Down the Rabbit Hole (A review of EFC Book 9: Kyo) By Tom Pahlow

My first EFC read, Book 9: Kyo

Review by Tom Pahlow

Kyo, by Julian Fernandes, was my first foray into the Earths Final Chapter Series and I couldn’t put it down. It has everything. Mutants, politics (the fun kind), an underwater city, robots, a mech suit shark people and more. All packed into 49 pages and interspersed with beautiful illustrations by Marta Maszkiewicz. Don’t worry about it being book number 9 either, no pre-reading is required to enjoy it (Though, I can sense a deep dive into the series in my immediate future)

In Kyo, we get to see the first meeting of the isolationist and underwater nation of Japan and the crew of the Bullet-1, a reconnaissance submarine from the Oceanic Alliance. Tensions mount as both sides try to figure out how to proceed. Underpinning the whole encounter is the political uncertainty of Japan as its enigmatic and cunning leader Kyo relinquishes his seat of power.

As I read the story, I found the titular character increasingly enthralling. In the lead up to the story, he has made a series of bold and secretive moves to guide his nation into the future. Only a handful of his fellow leaders seem to comprehend how far ahead he is planning and it made me desperate to see how the disparate threads of his plan string together.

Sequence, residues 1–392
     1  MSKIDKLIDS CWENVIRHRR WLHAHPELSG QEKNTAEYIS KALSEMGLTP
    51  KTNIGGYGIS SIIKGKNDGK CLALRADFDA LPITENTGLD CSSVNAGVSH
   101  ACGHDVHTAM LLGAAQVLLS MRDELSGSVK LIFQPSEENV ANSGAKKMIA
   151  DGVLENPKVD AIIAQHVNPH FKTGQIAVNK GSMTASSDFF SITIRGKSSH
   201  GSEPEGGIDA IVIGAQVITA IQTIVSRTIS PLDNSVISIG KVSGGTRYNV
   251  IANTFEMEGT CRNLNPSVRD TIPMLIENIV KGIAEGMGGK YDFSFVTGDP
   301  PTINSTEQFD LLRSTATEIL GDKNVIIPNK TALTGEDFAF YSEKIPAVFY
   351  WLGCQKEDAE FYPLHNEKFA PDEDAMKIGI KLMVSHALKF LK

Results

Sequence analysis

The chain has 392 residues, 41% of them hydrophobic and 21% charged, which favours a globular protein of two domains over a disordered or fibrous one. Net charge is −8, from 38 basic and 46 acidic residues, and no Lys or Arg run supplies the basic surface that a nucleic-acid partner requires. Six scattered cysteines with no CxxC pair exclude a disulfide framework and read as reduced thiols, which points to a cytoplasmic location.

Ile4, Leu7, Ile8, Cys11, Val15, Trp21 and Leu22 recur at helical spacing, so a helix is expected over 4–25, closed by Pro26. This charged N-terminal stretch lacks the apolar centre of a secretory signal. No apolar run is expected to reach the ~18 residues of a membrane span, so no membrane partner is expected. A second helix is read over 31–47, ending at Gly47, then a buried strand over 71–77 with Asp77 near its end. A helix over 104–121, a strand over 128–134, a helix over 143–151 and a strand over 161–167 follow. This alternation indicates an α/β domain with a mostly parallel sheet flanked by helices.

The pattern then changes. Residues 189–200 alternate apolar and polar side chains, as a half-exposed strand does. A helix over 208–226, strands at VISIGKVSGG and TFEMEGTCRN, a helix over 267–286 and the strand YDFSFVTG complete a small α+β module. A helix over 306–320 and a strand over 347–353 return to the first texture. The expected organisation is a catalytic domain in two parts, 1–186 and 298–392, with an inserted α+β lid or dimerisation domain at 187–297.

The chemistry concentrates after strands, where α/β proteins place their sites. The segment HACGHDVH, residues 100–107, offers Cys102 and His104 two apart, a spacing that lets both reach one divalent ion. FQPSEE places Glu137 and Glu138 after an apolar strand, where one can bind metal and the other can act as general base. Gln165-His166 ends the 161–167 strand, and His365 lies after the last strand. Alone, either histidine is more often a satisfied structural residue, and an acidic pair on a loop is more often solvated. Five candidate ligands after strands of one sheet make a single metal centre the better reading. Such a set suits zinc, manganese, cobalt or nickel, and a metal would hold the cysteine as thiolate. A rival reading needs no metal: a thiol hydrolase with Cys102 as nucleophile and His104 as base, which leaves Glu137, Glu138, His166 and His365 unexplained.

Kyo isn’t the only interesting character in the story, though, and a whole cast of characters make appearances. What struck me most about the other characters in Kyo was that none of them felt like extras. While I would have liked to see their personalities come through a little more naturally, they were each fleshed out and it made the story come alive.

In the real world, I’m not someone who enjoys politics. I try to stay up to date but I generally don’t want the play by plays. In a story, however, I love to see backroom scheming and political espionage. Kyo has that in spades. Every character has their own agenda, from survival to alliance and even the future of a nation and the world. Fernandes even plays with characters having different ideas of the right path to take without needlessly villainising one or the other.

There were times when I questioned how the story was progressing – like the crew of the Bullet-1 making a lot of choices on behalf of the Oceanic Alliance despite it not being clear that they had any authority to do so – but that could easily come down to my inexperience with the series and it kept the story going.

Going into the experience, the only thing I knew of the EFC series was that it was a collection of stand-alone stories that, together, told a much larger one. I felt a sense of scale while reading, that this was one among possibly thousands of stories within a fully fleshed out world.

The technology, differing cultures, mutations and power dynamics were unique and hinted at rich lore I can’t wait to delve into. If you want a story to pull you into another world you can’t go wrong with Kyo.